If I am told when I'm being seated that they have a table available for a set amount of time, I'm fine with it, and if we're lingering and they politely mention that they have reservations waiting, I'm usually cool with that too, especially if they hook us up with some free drinks :)
                                          at a local BYO we frequent we know that servers pretty well and they often tell us of the nightly gossip knowing I'm a server and can relate, and I know they have a huge problem with people thinking it is fine to come and eat and then stay for over an hour after they have finished, including opening bottles of wine AFTER dessert, which is just plain rude.
                                          As a server, when I have had to get people to move along I first try asking if they need anything else, then I give them a few minutes, then i re-approach and take their paid check from the table (this is the universal sign that you server needs the table back!) and when I finally had no choice I simply and politely say that we have reservations waiting and surprisingly I have never had anyone get mad at me.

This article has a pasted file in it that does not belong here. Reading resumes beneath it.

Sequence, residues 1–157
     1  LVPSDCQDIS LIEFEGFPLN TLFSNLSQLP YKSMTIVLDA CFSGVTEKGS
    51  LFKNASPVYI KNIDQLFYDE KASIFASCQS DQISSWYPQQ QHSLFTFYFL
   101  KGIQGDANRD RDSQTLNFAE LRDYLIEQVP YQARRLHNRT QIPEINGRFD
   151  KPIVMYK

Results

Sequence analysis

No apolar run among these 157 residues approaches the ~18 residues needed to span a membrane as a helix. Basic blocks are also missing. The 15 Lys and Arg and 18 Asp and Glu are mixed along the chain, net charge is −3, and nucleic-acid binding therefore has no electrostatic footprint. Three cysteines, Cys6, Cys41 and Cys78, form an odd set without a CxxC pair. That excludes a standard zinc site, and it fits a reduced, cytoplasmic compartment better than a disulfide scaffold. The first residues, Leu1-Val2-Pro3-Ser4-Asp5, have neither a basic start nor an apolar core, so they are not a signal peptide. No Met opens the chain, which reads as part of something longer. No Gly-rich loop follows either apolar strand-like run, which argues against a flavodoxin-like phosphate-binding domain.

At our restaurant the management would never ask us to ask a table to leave unless they have been sitting for over 20-30 minutes after they have paid their check, they have no wine or drinks left, and they have been at the table for over 2 hours, which i think is fair.

                                          3 Replies
                                          1. re: winemedineme